Russian diplomat calls to compare death tolls in Iraq under Hussein vs under US ruleRussian Politics & Diplomacy October 22, 21:00
US-led coalition delivers air strike on civilian procession in Iraq — Defense ministryWorld October 22, 18:45
Gazprom supplies to Europe reach record-breaking 590 mln cubic meters on FridayBusiness & Economy October 22, 18:24
Minsk protests against Ukraine's forced return to Kiev of Belavia planeWorld October 22, 14:05
Russian Foreign Ministry: Militants in Aleppo fail assistance delivery, civilians outflowsRussian Politics & Diplomacy October 22, 14:03
Kremlin: Syria’s breakup may become catastrophe for the regionRussian Politics & Diplomacy October 22, 14:00
Kremlin: Common language at Normandy Four talks is not oftenRussian Politics & Diplomacy October 22, 13:56
Kremlin: Extending humanitarian pause in Aleppo is Putin’s independent decisionRussian Politics & Diplomacy October 22, 13:50
Putin offered condolences to families of victims in Mi-8 crash in YamalSociety & Culture October 22, 11:20
GURZUF SETTLEMENT, May 26. /ITAR-TASS/. Russian Prime Minister Dmitry Medvedev said on Monday that Ukraine’s decision to cut off water supplies to Crimea via the North Crimean Canal was politically motivated.
“We understand that the Ukrainian side has turned off water supplies through the North Crimean Canal, which was used to deliver the bulk of water supplies to Crimea. Of course, these actions are absolutely unfriendly and absolutely politicized,” Medvedev told vice-premiers at a meeting on Monday.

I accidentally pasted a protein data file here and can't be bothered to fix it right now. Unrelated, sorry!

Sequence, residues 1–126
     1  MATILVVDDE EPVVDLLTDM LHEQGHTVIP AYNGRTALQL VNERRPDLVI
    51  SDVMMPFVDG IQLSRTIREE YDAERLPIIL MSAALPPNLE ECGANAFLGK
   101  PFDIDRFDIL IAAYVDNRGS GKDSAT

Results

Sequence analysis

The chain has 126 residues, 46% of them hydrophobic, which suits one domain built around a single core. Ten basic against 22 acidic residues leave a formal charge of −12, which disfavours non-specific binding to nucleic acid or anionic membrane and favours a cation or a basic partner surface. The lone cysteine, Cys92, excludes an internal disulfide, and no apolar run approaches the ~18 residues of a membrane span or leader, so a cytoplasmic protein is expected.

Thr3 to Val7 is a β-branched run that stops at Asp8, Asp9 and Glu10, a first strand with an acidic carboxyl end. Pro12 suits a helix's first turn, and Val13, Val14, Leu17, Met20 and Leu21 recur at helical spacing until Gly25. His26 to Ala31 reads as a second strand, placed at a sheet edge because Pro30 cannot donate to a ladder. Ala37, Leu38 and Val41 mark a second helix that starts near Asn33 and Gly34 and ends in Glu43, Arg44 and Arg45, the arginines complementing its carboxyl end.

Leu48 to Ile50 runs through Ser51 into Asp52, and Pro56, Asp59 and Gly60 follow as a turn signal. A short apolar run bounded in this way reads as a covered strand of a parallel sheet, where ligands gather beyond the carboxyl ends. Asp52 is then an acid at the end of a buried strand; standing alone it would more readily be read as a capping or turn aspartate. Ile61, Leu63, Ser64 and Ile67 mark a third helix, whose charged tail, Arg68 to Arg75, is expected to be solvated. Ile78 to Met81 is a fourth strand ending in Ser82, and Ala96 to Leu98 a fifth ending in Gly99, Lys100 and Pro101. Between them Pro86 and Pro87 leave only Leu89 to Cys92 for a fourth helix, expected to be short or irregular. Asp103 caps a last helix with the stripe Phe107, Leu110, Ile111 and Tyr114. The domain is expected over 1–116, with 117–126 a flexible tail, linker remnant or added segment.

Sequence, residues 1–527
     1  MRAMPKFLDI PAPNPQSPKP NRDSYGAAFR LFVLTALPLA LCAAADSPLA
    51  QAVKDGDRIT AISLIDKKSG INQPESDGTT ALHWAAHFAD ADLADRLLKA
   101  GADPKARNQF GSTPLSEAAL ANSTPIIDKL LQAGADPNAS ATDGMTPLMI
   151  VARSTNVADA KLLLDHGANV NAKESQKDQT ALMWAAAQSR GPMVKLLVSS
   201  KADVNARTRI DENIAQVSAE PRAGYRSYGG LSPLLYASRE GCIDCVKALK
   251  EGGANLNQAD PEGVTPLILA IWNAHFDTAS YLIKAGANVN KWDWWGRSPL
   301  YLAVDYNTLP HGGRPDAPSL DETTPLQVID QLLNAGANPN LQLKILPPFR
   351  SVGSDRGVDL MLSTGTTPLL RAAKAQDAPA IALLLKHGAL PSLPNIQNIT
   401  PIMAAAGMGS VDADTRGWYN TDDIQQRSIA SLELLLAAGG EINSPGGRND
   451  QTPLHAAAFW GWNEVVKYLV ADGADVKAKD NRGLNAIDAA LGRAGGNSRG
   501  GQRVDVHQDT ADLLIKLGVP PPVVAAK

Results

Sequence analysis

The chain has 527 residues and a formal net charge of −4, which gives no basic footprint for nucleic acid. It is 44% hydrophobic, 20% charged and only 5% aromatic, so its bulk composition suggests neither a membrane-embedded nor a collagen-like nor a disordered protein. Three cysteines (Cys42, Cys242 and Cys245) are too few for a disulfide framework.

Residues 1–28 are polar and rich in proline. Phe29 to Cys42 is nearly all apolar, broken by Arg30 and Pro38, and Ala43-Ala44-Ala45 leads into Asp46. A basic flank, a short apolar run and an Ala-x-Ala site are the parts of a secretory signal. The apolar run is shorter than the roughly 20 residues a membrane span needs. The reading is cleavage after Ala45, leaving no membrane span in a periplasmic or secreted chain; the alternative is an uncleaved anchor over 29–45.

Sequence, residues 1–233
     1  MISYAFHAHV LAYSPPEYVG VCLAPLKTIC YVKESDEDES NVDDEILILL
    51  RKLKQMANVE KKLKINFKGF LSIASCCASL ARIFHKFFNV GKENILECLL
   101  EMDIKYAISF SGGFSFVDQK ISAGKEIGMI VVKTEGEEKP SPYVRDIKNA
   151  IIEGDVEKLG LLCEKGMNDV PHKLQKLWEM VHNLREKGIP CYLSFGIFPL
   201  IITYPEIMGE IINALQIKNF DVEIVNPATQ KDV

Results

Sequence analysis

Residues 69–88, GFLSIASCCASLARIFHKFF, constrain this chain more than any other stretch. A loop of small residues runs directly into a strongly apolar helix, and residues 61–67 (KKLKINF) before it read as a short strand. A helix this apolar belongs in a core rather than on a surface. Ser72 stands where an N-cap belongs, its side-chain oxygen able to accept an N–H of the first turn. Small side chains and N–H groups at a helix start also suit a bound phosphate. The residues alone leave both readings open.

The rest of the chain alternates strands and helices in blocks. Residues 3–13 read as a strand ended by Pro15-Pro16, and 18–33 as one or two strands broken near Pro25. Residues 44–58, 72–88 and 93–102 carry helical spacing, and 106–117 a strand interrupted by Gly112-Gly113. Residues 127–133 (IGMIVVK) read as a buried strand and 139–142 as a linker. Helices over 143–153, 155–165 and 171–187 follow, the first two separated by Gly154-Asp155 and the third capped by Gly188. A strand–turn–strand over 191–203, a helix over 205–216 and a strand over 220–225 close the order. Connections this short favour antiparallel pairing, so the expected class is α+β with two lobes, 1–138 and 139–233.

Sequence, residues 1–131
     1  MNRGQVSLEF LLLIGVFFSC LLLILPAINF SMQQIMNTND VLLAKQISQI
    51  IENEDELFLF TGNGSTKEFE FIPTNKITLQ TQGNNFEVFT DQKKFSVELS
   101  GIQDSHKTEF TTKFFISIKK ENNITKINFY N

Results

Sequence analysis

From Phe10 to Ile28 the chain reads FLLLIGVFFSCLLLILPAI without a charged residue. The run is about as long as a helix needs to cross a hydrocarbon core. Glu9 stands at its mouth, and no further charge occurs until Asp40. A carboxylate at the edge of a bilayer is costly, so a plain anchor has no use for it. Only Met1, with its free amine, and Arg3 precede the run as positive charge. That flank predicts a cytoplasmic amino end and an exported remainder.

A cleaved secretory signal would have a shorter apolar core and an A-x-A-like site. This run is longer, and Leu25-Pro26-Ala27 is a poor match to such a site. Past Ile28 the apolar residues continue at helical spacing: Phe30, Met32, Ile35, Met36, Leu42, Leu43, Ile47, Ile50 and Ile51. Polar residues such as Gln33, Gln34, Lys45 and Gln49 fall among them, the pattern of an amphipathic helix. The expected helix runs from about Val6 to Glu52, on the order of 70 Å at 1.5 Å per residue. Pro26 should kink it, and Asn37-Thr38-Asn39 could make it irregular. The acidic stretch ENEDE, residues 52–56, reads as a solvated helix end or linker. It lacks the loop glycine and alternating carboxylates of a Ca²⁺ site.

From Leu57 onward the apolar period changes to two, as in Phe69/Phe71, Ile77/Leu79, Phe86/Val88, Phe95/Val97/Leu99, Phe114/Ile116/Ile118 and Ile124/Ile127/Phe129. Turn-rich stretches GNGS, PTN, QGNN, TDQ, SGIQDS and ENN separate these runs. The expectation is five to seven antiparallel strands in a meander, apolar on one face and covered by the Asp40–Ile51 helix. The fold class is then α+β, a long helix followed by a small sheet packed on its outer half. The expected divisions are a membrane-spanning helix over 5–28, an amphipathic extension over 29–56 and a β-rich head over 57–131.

Medvedev urged the government not to spare money for resolving Crimea’s water problem.
“It is necessary to allocate all the necessary means and not to spare resources for ensuring uninterrupted water supplies (to Crimea), which determine the quality of life,” Medvedev said.
Vice-Premier Dmitry Kozak said that Crimea would face no water shortages until November. Problems may arise in winter and autumn if the summer is going to be torrid. Kozak said the authorities were working on a set of measures, including the drilling of wells and building water poipes, to ensure uninterrupted water supplies, and would allocate about 2.5 billion rubles for these purposes.
Agriculture, which depends on irrigation, was a separate item on the agenda. “We will have to decide what crops we should cultivate in Crimea,” Kozak stressed.
Medvedev signed a government resolution on subsidizing works to modernize transportation infrastructure, including the construction of railway and automobile crossings in the Crimean city of Kerch.
“We will need certain solutions to increase cargo flows. I have signed a government resolution for allocating funds for modernization works,” Medvedev told Russian vice-premiers at an offsite meeting in Crimea.